In this article Joshua continues his study of rhetoric with the second of the three modes of persuasion: pathos. You can read his essay on ethos here.
We have been looking at how the three modes of persuasion are the basis for all human choice and how these three concepts function to influence us, or persuade us, to do/not do certain actions. We saw how a thing’s character, its ethos, is one of the main things that we look for when making decisions. Another powerful reason why we are persuaded to do or not do various things comes back to our emotions, or pathos.
Pathos is probably the easiest of the three modes of persuasion to begin to understand and identify as we are all emotional creatures, and it’s easy to see how our emotions play a vital role in our daily experiences. Without listing all the emotions that exist, I am talking about the obvious feelings like sadness, joy, rage, guilt, etc. Sometimes it can be tricky to distinguish between ethos and pathos, and we might confuse the two, because a thing’s ethos can trigger a particular emotion in us, and the connection between the two seems indistinguishable. For example, if you spend a long period of time in the aforementioned room (see previous article) that has an oppressive ethos, you might eventually find yourself feeling oppressed. This is what I meant when I said that, although we can talk about the three modes separately, they always function together synergistically. A thing’s ethos will inevitably evoke pathos from us, and there is usually a clear connection between the two (but not always!), so listening to music with a sad ethos will make you feel a corresponding sad emotion. Interestingly, we find that there is generally a connection between the ethos (or genre) of music that people listen to and the pathos that they enjoy experiencing. This is why we might have a “pump-up” playlist with songs that have a happy, upbeat ethos, and a “rainy day” playlist with a downtempo, sadder ethos. We either like to match our music to our mood or use our music to change our mood—but the relationship is one between ethos and pathos. The ethos you surround yourself with will always impact your emotions in some way—music is just one of the many ways we are influenced by pathos.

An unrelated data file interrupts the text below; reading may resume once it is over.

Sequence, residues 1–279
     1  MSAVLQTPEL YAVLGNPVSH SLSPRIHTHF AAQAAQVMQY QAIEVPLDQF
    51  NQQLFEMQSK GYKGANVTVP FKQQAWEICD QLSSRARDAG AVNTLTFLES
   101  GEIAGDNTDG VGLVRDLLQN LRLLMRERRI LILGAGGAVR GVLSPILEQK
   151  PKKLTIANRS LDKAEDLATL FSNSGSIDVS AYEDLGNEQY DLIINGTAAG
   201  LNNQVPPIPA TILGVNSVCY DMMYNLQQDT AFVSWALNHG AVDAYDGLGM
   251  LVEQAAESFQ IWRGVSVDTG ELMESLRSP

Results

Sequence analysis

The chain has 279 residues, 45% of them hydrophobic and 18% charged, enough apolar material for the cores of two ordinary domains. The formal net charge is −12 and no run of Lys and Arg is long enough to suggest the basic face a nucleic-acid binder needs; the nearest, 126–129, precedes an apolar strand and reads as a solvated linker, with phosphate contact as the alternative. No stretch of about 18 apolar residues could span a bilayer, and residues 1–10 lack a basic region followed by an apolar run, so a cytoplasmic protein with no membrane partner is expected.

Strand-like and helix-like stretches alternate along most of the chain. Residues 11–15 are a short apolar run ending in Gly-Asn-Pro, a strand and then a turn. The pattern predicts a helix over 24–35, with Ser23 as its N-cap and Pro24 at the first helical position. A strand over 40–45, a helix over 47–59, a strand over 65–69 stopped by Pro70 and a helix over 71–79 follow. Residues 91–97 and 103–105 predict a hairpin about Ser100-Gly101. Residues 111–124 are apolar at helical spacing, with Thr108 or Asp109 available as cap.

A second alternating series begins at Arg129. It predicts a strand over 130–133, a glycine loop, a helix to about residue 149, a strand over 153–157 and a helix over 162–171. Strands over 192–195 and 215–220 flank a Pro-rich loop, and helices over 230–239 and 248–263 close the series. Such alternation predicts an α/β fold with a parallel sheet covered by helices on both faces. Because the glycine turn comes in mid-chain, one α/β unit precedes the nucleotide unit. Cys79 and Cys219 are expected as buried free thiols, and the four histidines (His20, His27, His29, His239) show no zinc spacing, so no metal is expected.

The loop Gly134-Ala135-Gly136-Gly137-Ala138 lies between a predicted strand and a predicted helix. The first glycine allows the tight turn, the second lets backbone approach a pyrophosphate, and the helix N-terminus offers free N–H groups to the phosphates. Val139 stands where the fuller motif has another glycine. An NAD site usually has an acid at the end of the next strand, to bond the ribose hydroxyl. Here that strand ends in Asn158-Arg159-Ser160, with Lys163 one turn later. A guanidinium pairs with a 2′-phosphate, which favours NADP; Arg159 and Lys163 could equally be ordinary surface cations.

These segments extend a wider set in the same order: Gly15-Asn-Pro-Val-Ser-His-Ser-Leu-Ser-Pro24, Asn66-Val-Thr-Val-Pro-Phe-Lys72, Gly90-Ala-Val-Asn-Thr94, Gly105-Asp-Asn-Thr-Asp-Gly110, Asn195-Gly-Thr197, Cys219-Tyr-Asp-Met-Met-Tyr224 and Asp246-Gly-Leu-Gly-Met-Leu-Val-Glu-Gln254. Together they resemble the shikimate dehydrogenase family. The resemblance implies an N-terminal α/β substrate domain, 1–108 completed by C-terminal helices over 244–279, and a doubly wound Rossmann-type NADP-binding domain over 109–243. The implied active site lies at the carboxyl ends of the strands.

It’s worth noting that we moderns have a strange relationship with emotions. On the one hand, we all have them and experience them in varying ways every single day. On the other hand, we also live in a culture that has perfected the art of visually manipulating people’s emotions (advertisements, social media, mainstream media, art/film) and so we are very suspicious of pathos because we are wary of our emotions being toyed with. Over-sentimentalism has also made us suspicious of emotions, and many people end up seeing pathos and logos as being opposed to one another (the head vs the heart)—as if one were necessary and the other extraneous. We think that the cold, stoic rationality of science is more trustworthy (or subject to falsehood and deception) than emotion, and so we are quick to mistrust anything emotive. Except when we don’t want to. A careful examination of anyone’s life will reveal that many of our choices ultimately come back to some root desire that is the motivation for our choice. The persuasive power of desire cannot be understated. If you are honest with yourself, you will find that at the root of many of your choices is the vague yet convincing reason, “because I felt like it.”